The conclusion that at least one victim died by gunshot was supported by the discovery of iron particles around the edges of the half-inch wound and in the plug of bone that was knocked out centuries ago. The findings have not yet been published in a scientific journal but were presented in April at an archaeology conference and will be featured in a NOVA/National Geographic special on Tuesday.
Katherine Moore, a University of Pennsylvania anthropologist who is not a member of the research team but is familiar with its work, called the gunshot conclusion "very reasonable."
"The features on the hole match very, very closely with the features you would expect on a gunshot wound," Moore said. Firearms, she said, were part of the conquistadors' "package of violent tools for domination."
Team leader Guillermo Cock and colleague Melissa Scott Murphy, a bioarchaelogist at Bryn Mawr College, said their gunshot evidence was conclusive.
"There is no real question," Murphy said in a telephone interview from Peru.
To rule out a rock from a slingshot or some other projectile, the team turned to the Henry C. Lee Institute of Forensic Science, which is affiliated with the University of New Haven.
Analysis with a scanning electron microscope showed the bone plug was impregnated with iron particles, said Albert Harper, a forensic scientist and executive director of the institute. The iron concentration was five or six times higher than bone elsewhere in the skull, supporting the theory that it came from a musket ball and not from other sources such as the surrounding dirt in the cemetery, he said.
Researchers also found telltale iron particles in a cotton swab that they wiped around the edges of the wound, Harper said.
The firearm of the 16th century was a primitive killing machine compared with the efficient weapons used by today's armies or by gang members on the streets of Philadelphia.
Sometimes called an arquebus, its principal value came in shocking opponents, said Blair Turner, a history professor at Virginia Military Institute.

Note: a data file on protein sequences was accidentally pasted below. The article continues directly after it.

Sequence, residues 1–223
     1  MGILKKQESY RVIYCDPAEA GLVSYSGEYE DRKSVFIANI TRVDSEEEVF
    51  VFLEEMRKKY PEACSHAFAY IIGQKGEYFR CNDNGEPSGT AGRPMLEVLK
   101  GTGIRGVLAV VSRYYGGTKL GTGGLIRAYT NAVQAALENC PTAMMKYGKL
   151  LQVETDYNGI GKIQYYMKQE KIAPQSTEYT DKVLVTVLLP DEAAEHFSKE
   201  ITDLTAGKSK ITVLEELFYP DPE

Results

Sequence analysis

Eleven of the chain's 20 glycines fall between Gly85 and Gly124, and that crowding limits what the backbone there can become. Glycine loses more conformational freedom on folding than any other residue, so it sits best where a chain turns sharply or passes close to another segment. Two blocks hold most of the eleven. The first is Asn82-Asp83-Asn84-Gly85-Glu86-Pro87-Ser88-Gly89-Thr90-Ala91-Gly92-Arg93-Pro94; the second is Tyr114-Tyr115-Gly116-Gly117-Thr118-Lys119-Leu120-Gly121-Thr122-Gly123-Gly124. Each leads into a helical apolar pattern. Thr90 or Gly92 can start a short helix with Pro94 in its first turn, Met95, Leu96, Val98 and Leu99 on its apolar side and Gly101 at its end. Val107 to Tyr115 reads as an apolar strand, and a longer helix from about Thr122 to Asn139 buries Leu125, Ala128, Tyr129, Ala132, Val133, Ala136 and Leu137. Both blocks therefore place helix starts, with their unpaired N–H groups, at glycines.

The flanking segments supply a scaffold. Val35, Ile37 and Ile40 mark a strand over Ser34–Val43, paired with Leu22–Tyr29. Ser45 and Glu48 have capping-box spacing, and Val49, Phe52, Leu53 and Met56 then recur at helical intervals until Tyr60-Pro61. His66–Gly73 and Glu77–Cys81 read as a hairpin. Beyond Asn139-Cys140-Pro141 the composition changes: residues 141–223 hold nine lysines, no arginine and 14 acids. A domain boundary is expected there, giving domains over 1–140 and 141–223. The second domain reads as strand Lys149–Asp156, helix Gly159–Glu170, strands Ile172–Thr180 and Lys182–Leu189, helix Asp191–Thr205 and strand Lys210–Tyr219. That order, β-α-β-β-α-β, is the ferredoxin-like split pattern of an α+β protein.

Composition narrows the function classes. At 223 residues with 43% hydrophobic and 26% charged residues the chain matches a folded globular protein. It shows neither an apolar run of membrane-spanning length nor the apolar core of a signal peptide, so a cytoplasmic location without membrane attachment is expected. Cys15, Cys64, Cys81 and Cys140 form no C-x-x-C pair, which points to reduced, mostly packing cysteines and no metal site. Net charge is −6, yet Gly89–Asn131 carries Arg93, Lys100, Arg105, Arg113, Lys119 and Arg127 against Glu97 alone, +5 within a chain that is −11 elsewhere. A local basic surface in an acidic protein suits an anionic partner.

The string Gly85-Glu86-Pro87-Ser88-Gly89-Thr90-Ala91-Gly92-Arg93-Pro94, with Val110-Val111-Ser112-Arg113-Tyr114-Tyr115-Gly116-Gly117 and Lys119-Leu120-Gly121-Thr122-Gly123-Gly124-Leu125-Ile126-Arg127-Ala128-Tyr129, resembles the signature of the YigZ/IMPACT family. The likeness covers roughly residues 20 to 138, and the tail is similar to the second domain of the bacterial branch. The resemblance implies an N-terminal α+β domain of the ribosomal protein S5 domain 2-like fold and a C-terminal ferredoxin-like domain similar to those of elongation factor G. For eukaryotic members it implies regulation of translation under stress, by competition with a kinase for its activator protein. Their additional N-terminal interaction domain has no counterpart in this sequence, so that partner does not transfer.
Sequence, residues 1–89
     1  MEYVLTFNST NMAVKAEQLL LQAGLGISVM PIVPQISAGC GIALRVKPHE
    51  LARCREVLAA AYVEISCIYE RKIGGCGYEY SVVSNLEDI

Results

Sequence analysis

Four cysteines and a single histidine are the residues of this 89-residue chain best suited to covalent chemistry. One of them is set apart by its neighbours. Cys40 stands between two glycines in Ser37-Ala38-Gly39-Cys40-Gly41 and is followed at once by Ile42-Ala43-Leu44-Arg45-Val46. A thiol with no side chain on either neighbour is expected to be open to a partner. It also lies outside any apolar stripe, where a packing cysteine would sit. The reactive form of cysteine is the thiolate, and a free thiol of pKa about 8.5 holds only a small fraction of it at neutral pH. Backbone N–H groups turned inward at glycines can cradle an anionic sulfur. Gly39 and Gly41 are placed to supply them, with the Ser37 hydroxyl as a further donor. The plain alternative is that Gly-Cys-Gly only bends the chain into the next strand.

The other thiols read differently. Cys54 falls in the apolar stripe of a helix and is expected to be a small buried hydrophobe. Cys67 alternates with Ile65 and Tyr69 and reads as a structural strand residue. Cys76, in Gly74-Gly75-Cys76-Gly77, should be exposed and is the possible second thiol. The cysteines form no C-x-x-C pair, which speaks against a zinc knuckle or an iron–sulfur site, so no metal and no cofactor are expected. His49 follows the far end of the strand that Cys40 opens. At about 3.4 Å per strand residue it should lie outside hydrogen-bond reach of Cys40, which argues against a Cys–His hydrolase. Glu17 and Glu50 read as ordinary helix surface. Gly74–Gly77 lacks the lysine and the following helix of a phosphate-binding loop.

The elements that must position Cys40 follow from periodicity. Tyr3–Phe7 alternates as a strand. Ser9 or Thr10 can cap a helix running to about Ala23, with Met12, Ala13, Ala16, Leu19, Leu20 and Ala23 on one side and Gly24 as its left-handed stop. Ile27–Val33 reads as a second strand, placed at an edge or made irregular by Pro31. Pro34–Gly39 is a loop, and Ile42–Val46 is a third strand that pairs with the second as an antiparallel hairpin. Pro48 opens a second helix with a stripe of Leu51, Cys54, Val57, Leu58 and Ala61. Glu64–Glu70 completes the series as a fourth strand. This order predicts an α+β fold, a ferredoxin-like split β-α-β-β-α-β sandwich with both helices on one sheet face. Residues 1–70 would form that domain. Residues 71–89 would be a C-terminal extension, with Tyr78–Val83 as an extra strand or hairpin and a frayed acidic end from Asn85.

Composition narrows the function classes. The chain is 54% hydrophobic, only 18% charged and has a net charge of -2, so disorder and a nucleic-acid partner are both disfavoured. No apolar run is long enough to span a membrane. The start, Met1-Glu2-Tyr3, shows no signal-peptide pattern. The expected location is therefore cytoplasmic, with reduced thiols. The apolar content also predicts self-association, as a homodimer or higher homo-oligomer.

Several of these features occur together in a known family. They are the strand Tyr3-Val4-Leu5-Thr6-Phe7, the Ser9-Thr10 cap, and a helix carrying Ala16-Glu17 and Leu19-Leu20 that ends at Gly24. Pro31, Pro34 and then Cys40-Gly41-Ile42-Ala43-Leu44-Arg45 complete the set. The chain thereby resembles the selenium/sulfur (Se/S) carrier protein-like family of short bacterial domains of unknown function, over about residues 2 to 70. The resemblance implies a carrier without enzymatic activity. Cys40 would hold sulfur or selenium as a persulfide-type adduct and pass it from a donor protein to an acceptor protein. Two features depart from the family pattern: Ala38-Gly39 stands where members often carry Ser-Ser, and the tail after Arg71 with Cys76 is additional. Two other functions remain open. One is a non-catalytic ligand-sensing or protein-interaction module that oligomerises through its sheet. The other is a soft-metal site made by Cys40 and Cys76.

"They made a big bang and were kind of impressive," he said, "but were certainly not the mainline infantry weapon that anyone relied on, and they weren't very accurate."
Turner said he was not surprised to learn of the discovery of an apparent gunshot victim in Peru, which was conquered by Francisco Pizarro in 1532-1533. Written accounts indicate that Pizarro's countryman Hernán Cortés used firearms in his invasion of Mexico several years earlier.
The Peruvian skeleton and its 71 companions were found in the town of Puruchuco starting in 2004. More than 400 other skeletons were found in the same Inca cemetery, all of them buried in the traditional manner with ritual wrappings, the bodies in a crouched position, facing east.
But the 72 skeletons appeared to have been wrapped quickly in simple cloth and buried at a shallow depth, without customary funerary objects and facing in various directions.
"They were not properly oriented," said Cock, a Peruvian archaeologist who owns his own firm. "They were not properly wrapped. They were not properly anything."
Cock thinks the victims were members of a group that rose up against the Spanish invaders but were defeated in 1536 - a battle described by a 17th-century historian. The skeletons were found near a canal, in the approximate location of the battle.
Murphy is not sure the bodies are from that battle but says it is "certainly a possibility."
A graduate of Haverford College with a doctorate from Penn, her specialty is studying human remains in their cultural and historical context. She has been working in Peru on and off since 1999.
More on the Inca
Watch The Great Inca Rebellion, a NOVA/ National Geographic collaboration,
at 8 p.m. Tuesday on PBS.
View video from the archaeological site via
Contact staff writer Tom Avril
at 215-854-2430 or firstname.lastname@example.org.